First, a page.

Communication is also something I have found that is often overlooked when budgeting for time. For example, if it takes 1 hour of phone calls to plan a project that takes 1 hour to develop, then that is a 2 hour project. In order to prevent confusion/misunderstandings, I have found it is also helpful to explicitly mention things the client may assume will be included in the scope but are more than likely not (setting up an analytics profile with goal completions on a website build project for example).
Clients are rarely on the same schedule as you, period. Make yourself available to communicate with them. Don’t take on a client if availability may be an issue (remember the importance of communication), make sure both you and your client are aware of each others time zones and working hours — no one likes a 4am call to discuss button colors!
Recognize when you are being taken advantage of and take steps to mitigate it
This one is much more difficult to discuss. Sometimes client’s don’t realize the complexity of their requests, I have found that if you encounter this issue, it can be helpful to briefly give them an overview of why the request is complex, and give them a brief breakdown of all the various intermediate tasks that must be accomplished in order to execute their request successfully and to their satisfaction.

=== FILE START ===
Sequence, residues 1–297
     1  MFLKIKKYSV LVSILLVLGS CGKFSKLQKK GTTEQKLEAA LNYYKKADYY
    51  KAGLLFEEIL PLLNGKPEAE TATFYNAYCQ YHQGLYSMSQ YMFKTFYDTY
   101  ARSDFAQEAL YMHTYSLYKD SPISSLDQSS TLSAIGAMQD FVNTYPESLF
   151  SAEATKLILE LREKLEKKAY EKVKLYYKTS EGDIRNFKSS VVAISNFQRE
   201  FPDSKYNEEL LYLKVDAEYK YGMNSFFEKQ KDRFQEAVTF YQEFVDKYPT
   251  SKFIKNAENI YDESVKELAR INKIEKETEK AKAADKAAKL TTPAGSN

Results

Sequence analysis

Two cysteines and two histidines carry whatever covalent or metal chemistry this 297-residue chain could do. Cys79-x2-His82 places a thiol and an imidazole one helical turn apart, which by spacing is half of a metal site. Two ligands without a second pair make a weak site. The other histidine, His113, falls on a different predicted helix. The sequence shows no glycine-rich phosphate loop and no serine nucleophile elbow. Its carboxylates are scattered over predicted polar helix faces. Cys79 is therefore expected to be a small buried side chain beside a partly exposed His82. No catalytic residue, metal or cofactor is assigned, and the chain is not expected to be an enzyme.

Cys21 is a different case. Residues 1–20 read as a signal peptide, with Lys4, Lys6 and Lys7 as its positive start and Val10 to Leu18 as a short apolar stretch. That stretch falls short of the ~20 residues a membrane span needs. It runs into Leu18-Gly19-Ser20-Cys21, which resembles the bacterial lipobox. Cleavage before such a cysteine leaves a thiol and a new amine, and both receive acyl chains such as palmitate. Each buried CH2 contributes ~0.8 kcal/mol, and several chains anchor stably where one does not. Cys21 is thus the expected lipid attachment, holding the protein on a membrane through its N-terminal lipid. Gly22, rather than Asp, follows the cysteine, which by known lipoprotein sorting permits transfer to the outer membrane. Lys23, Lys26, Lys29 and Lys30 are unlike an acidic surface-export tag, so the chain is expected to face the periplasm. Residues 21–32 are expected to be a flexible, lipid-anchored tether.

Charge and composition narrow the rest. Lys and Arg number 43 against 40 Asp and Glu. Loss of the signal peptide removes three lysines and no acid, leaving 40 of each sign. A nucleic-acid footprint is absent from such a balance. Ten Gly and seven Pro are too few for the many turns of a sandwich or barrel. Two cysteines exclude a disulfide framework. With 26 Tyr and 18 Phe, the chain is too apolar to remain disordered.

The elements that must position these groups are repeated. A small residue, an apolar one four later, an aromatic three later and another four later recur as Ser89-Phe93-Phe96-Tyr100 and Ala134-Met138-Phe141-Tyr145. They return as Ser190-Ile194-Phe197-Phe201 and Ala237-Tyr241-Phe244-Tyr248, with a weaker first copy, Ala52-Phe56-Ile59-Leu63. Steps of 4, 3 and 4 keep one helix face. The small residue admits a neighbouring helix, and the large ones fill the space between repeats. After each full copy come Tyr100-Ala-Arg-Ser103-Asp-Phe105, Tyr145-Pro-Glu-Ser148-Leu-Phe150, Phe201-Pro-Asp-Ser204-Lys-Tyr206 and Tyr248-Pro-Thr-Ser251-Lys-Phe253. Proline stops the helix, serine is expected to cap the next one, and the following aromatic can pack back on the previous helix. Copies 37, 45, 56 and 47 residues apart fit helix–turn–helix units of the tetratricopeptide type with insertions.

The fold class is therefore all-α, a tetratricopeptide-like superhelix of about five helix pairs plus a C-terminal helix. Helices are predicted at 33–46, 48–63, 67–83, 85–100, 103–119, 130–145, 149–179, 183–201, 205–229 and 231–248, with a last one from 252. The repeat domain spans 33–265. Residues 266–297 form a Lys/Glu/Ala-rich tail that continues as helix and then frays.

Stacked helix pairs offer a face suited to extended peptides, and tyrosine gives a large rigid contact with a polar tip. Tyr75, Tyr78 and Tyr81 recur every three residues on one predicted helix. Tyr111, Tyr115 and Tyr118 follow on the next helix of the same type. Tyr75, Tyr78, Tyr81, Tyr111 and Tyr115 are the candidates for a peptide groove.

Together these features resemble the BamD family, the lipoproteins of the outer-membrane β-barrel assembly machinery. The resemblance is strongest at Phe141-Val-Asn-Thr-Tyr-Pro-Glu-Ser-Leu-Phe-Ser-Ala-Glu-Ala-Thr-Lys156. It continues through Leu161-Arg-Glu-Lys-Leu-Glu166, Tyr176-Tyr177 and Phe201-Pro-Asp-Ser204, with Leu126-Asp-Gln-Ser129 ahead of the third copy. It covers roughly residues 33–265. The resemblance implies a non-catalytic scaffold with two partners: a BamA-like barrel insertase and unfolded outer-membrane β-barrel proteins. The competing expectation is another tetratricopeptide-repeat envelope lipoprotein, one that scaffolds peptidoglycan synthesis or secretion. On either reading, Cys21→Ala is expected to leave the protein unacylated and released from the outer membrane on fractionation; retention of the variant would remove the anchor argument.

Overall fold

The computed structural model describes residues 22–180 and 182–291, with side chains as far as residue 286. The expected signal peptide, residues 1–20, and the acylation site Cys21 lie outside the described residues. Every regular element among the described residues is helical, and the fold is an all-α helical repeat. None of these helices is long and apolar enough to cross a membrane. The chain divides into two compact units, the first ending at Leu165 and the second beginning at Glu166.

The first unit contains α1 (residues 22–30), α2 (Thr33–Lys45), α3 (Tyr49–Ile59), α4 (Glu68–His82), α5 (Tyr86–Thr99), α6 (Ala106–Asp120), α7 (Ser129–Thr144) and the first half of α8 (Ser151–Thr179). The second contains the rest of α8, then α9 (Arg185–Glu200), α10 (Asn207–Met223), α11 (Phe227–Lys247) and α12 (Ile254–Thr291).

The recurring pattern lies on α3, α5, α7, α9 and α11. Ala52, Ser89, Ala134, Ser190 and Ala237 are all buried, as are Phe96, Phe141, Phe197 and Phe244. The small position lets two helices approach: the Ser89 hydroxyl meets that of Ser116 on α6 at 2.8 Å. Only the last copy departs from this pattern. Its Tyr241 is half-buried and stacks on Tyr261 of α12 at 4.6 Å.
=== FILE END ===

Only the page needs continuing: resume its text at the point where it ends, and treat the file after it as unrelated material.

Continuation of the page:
Occasionally, you may also encounter a client who is looking for the absolute lowest priced service possible, there is not anything wrong with that. It is up to you to know your worth and simply pass on the opportunity if you are unable to accept the rate/price offered. It doesn’t help either party to waste time or spend unnecessary effort to justify your cost when the overall budget or ideologies don’t align.
Be honest & upfront
This one is straightforward! Do not mislead a client, if you encounter an issue that could impact the overall delivery time, let the client know right away. Did the client ask about progress? Let them know, even if things may be derailed at the moment.
Don’t overcomplicate concepts unless the client is curious